Polite Here, Impolite There

One day, an idea came up from my mind. I think it will be very fun when we have a kind of holiday package in which we are urged to explore various local languages in Indonesia. Since Indonesia is rich with hundreds of local vernaculars, it can be interesting when we can collect some vocabularies. One word will have some different words with the same meaning. For example, kamu (you) can become kowe (in Javanese), loe (in Betawi), maneh (in Sundanese), and many others. See? There are different words with the same meaning we can collect through a single Indonesian word. There is one more interesting thing about local languages.

I spent six months living in Bandung for work. During my work, I was always listening to people speaking Sundanese. As a person born in Malang, East Java, moving to Bandung, West Java, has made me a kind of stranger in my own country. People around me were speaking Sundanese whereas I was blank about Sundanese. At that time, I just missed to speak Javanese. Otherwise, I found that it was interesting to learn about a new local language. After some trials, I found that some words in Javanese are also used in Sundanese but with different levels.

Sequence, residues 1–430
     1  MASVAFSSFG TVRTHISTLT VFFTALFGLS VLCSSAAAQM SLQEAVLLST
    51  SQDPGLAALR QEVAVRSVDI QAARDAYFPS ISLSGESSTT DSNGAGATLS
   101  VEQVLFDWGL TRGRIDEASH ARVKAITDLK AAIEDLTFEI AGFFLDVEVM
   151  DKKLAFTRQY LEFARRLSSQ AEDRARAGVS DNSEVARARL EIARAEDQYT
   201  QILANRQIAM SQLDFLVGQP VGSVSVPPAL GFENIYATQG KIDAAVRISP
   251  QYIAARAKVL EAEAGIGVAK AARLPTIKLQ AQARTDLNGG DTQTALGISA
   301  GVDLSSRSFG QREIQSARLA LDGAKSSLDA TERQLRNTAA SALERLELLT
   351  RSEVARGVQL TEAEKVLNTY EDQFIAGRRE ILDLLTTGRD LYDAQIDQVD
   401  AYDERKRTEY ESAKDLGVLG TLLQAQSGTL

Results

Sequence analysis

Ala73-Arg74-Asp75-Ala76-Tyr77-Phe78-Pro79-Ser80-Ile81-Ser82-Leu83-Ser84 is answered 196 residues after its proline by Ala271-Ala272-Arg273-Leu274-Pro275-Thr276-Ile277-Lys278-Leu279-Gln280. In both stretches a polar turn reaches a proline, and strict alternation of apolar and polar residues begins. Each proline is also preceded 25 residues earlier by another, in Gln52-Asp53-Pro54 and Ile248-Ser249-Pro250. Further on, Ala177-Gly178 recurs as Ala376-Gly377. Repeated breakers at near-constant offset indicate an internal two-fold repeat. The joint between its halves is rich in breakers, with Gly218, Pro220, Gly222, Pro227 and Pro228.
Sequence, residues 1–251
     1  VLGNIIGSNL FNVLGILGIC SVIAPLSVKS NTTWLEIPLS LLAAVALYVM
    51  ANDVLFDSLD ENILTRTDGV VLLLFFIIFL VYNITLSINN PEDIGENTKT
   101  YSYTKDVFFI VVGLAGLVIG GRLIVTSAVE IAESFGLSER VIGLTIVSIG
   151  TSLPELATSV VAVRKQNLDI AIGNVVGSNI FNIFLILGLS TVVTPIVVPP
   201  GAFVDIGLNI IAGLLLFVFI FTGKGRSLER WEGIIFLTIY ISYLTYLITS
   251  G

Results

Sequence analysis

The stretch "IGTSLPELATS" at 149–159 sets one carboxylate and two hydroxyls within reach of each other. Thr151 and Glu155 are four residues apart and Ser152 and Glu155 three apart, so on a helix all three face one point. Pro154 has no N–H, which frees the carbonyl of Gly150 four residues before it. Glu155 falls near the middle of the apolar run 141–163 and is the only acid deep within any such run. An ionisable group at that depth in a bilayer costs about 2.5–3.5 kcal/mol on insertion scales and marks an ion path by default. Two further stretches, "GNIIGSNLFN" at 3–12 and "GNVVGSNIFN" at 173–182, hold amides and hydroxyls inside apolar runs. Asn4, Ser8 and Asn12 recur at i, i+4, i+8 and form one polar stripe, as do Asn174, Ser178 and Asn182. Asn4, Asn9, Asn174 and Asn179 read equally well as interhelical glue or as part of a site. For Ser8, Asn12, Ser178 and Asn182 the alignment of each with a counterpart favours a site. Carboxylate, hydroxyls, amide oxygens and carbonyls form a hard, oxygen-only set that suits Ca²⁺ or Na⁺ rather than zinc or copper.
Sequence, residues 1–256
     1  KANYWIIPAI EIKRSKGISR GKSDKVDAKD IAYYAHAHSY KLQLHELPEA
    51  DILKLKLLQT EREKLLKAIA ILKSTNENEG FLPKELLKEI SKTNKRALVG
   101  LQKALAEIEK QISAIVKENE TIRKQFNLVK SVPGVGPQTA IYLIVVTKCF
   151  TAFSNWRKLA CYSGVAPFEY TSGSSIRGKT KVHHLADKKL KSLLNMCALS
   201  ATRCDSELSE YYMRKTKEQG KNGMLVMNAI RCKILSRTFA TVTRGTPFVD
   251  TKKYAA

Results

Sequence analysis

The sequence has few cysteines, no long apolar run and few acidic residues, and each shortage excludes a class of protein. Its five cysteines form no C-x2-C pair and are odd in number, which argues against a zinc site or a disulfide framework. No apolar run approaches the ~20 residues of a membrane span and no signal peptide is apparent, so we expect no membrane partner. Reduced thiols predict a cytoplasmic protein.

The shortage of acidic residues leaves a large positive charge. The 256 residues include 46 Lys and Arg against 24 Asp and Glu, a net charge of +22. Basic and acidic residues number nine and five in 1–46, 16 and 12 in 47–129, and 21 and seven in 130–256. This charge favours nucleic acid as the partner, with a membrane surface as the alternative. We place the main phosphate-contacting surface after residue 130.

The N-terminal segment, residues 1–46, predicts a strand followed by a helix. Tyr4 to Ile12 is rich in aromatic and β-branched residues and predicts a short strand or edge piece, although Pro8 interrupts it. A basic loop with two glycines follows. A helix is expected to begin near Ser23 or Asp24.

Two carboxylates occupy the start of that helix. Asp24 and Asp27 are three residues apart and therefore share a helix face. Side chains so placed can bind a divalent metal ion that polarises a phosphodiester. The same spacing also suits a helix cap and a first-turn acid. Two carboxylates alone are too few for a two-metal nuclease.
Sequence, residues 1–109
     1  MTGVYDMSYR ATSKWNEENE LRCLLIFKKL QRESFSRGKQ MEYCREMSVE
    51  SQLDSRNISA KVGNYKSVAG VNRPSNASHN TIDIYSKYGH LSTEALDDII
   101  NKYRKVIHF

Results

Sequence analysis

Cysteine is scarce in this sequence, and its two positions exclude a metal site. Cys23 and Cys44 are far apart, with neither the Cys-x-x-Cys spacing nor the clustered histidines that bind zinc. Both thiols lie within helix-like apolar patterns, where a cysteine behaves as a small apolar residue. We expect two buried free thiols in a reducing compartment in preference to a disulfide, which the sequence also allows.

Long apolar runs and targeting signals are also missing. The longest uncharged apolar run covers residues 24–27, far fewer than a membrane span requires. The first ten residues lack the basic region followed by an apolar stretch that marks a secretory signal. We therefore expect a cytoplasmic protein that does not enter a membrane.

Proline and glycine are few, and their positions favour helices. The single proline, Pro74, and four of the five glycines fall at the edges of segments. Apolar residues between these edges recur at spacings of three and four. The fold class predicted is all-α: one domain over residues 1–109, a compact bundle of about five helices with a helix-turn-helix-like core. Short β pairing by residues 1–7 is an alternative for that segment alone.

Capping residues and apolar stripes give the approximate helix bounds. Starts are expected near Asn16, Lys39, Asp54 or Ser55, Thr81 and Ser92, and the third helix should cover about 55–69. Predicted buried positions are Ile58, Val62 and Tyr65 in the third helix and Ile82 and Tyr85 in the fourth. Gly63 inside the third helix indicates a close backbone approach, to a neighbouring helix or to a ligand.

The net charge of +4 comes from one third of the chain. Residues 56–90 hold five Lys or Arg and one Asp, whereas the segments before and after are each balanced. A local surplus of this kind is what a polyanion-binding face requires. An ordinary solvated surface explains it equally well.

In Javanese, dhahar (eat) is a polite word. On the contrary, Sundanese considers dhahar as an impolite word. It is known that every local vernacular has three levels: high (polite), normal, and low (impolite or rough). The way we speak to an elder will be different with the way we speak to a younger. Shortly, one word can be polite used here whereas it is impolite used there.


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